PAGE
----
WATCH YOUR KIDS AROUND WATER!
Child Safety Drowning Prevention: Drowning is a quick and silent killer. It can happen in a matter of seconds. There will soon be activity on or around the water: swimming and wading pools, fun at the beach or cottage, and boating.
Child Safety: Children are at risk of drowning year-round but the risk increases in spring as ponds, lakes and rivers begin to thaw. Curious toddlers are often drawn to fast flowing water but they don't understand the dangers. The risk of drowning peaks in summer as more people use swimming pools, beaches and other bodies of water to cool off.
Drowning prevention: Young children most often drown in backyard swimming pools, bathtubs, rivers and lakes, hot tubs, ditches and ponds. Two-thirds of these drownings happen to those who never intended to get wet in the first place. Unattended toddlers are especially at risk of drowning because they are mobile and very curious. As a result, they need close and constant supervision by an adult. Children under five years of age are the least capable to self-rescue of any age group. Although these statistics are frightening, it is important to remember that drownings are preventable. Parents and caregivers are reminded to keep children within arm’s reach at all times when in or close to water.
Water Safety: Protect your child from drowning. Never leave children unsupervised near a pool, hot tub or natural body of water. During gatherings, adults who know how to swim can take turns being the "designated watcher," who isn't distracted. Children under age 4 should be supervised at arm's length, even if they can swim. Don't rely on air-filled or foam toys, such as water wings, noodles or inner tubes, to keep children safe.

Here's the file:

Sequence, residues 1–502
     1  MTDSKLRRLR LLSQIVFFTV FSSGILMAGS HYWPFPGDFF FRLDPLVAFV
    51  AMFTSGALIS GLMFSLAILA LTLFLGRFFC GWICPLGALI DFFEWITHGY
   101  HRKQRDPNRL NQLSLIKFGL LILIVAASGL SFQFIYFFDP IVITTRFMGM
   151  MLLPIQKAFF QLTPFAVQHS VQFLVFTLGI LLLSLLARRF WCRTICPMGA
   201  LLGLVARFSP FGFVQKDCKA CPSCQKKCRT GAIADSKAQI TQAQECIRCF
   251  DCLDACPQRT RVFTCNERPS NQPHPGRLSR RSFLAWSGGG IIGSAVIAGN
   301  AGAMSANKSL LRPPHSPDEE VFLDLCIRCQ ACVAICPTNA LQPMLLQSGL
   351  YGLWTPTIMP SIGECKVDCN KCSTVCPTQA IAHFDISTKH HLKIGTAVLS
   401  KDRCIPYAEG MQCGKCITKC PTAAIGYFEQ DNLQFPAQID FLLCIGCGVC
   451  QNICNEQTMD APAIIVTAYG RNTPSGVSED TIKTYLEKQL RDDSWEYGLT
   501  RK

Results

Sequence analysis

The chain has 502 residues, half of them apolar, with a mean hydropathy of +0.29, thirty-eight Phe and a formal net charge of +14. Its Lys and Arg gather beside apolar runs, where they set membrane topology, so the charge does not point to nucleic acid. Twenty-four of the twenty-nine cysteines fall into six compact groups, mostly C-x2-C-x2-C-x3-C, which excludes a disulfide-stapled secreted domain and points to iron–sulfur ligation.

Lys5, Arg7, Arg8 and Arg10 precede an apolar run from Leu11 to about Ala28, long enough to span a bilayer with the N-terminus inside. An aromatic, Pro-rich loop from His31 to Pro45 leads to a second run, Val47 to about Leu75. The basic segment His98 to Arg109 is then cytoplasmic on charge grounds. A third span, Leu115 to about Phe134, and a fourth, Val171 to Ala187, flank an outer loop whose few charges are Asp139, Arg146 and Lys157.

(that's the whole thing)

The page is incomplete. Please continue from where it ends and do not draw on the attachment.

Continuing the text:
Fence it off.
Install a four–sided isolation fence, with self–closing and self–latching gates, around backyard swimming pools. This can help keep children away from the area when they aren’t supposed to be swimming. Pool fences should completely separate the house and play area from the pool.
Be on the look out.
When kids are in or near water (including bathtubs), closely supervise them at all times. Because drowning happens quickly and quietly, adults watching kids in or near water should avoid distracting activities like playing cards, reading books, talking on the phone, and using alcohol or drugs.
Learn life-saving skills.
Everyone should know the basics of swimming (floating, moving through the water) and cardiopulmonary resuscitation (CPR).
Thankfully, parents can play a key role in protecting the children they love from drowning.